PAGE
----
Comparing Covid-19 Deaths UK and Italy.

Today I heard Keir Starmer making political capital out of the rising death toll in the UK. He is not alone. He has been joined by many in the MSM in telling us (glee barely concealed) that the  UK death toll from CV-19 exceeds that of Italy.

This is not a contest. But it irritated me enough to make me look into the numbers myself.

The data/sources and my reasoning are below for each country. Mostly this is based on discrepancies between total death count this year and the rolling 5 year average.

The main takeaways from this post as as follows:

  • It appears the deaths in Italy from CV-19 are being massively under-reported. The under-reporting is almost by a factor of two. It also appears that no attempt has been made to rectify this problem to-date. So I believe that today (6th May) Italian CV-19 deaths are still heavily under-reported.
  • CV-19 deaths in the UK were originally under-reported as they failed to take into account care-homes and the community. I understand this was corrected in late April. The date range in this article pre-dates this change so I have compensated for care home deaths and community deaths and included them along with hospital deaths. 
As of today (imho) I reckon the numbers stack up more-or-less correctly for the UK. But not for Italy.

I fail to see how the MSM (let alone the Leader of the Opposition) cannot know this.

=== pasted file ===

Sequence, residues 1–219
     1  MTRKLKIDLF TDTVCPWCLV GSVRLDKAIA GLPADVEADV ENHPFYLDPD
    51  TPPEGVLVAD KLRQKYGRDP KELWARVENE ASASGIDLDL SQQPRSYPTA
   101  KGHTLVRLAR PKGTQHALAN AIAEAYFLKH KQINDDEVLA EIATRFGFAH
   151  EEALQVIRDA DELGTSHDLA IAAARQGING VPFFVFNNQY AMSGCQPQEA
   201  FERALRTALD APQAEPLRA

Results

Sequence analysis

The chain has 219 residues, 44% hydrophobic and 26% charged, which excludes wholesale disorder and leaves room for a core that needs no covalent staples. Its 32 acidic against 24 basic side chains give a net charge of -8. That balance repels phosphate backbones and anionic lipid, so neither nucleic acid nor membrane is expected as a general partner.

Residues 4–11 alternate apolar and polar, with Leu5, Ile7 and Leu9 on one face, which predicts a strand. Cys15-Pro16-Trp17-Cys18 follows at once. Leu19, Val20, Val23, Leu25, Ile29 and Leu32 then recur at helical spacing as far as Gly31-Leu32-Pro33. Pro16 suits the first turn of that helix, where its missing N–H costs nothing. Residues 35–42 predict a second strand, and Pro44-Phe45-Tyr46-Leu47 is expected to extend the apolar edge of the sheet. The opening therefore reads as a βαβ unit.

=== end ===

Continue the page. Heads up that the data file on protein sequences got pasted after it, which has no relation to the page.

Incidentally (post posting update!) Reuters newsagency report HERE more-or-less concurs with my figures. In fact (hurts to say!) they beat me to it by a couple of days.


I am relying on most of the figures for Italy from this BBC ARTICLE. (Yes. The MSM's own data!)

Here the BBC states that from 20th February through to “end of March” (I assume that is and includes 31st March) Italy suffered 90,946 deaths from all causes.

All causes is CV-19, heart attacks, strokes, cancer, accidents and everything else.

The rolling five year average for all-cause deaths during the same period in Italy is 65,592.

Which gives an excess death count of 25,534 (from 20th February up to & including 31st March) this year.

So how many deaths were actually flagged up as being caused by CV-19 during this period?

Sadly the BBC leave that bit out. (And why did they do that I wonder.)

From  we get this graph:

Incidentally this concurs with the Statista graph HERE:

The number of deaths recorded from CV-19 during 20th February to 31st March in Italy was 12,428

This is less than half the total excess deaths recorded from all causes.

As the Italian health service was at times overwhelmed, it is likely that some of these extra 25,000 mortalities were from causes other than CV-19 (Heart attacks/strokes etc) that went unattended.

But it would seem highly likely that only a small proportion of  these extra 25,000 deaths were from non CV-19 causes.

I would suggest that the excess deaths from non-covid-19 causes would be about at maximum 15%. That would give us an excess death count caused by Covid-19 of about 21,250 over the period 20th February through to 31st March in Italy. Not 12,428 as reported.

So it would look like the Italian death count for Covid-19 from 20th February through to the end of March is under-reported by around 9000 to 10,000.